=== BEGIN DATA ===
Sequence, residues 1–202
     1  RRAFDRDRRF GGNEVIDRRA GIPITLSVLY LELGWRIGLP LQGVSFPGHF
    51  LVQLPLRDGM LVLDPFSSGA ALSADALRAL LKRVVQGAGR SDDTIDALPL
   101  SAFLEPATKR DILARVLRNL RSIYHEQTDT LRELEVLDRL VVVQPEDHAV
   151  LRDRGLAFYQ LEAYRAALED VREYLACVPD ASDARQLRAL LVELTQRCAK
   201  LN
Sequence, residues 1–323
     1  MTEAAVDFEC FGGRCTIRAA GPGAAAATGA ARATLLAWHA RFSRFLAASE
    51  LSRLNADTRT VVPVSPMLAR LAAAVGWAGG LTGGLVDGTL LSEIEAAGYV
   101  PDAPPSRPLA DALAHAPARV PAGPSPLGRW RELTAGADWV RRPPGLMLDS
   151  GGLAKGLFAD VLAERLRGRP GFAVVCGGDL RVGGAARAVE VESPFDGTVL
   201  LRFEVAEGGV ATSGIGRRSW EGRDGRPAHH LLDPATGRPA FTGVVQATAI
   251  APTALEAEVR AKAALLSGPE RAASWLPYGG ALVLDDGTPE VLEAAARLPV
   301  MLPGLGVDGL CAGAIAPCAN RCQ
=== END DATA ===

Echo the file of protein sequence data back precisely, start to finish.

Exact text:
Sequence, residues 1–202
     1  RRAFDRDRRF GGNEVIDRRA GIPITLSVLY LELGWRIGLP LQGVSFPGHF
    51  LVQLPLRDGM LVLDPFSSGA ALSADALRAL LKRVVQGAGR SDDTIDALPL
   101  SAFLEPATKR DILARVLRNL RSIYHEQTDT LRELEVLDRL VVVQPEDHAV
   151  LRDRGLAFYQ LEAYRAALED VREYLACVPD ASDARQLRAL LVELTQRCAK
   201  LN
Sequence, residues 1–323
     1  MTEAAVDFEC FGGRCTIRAA GPGAAAATGA ARATLLAWHA RFSRFLAASE
    51  LSRLNADTRT VVPVSPMLAR LAAAVGWAGG LTGGLVDGTL LSEIEAAGYV
   101  PDAPPSRPLA DALAHAPARV PAGPSPLGRW RELTAGADWV RRPPGLMLDS
   151  GGLAKGLFAD VLAERLRGRP GFAVVCGGDL RVGGAARAVE VESPFDGTVL
   201  LRFEVAEGGV ATSGIGRRSW EGRDGRPAHH LLDPATGRPA FTGVVQATAI
   251  APTALEAEVR AKAALLSGPE RAASWLPYGG ALVLDDGTPE VLEAAARLPV
   301  MLPGLGVDGL CAGAIAPCAN RCQ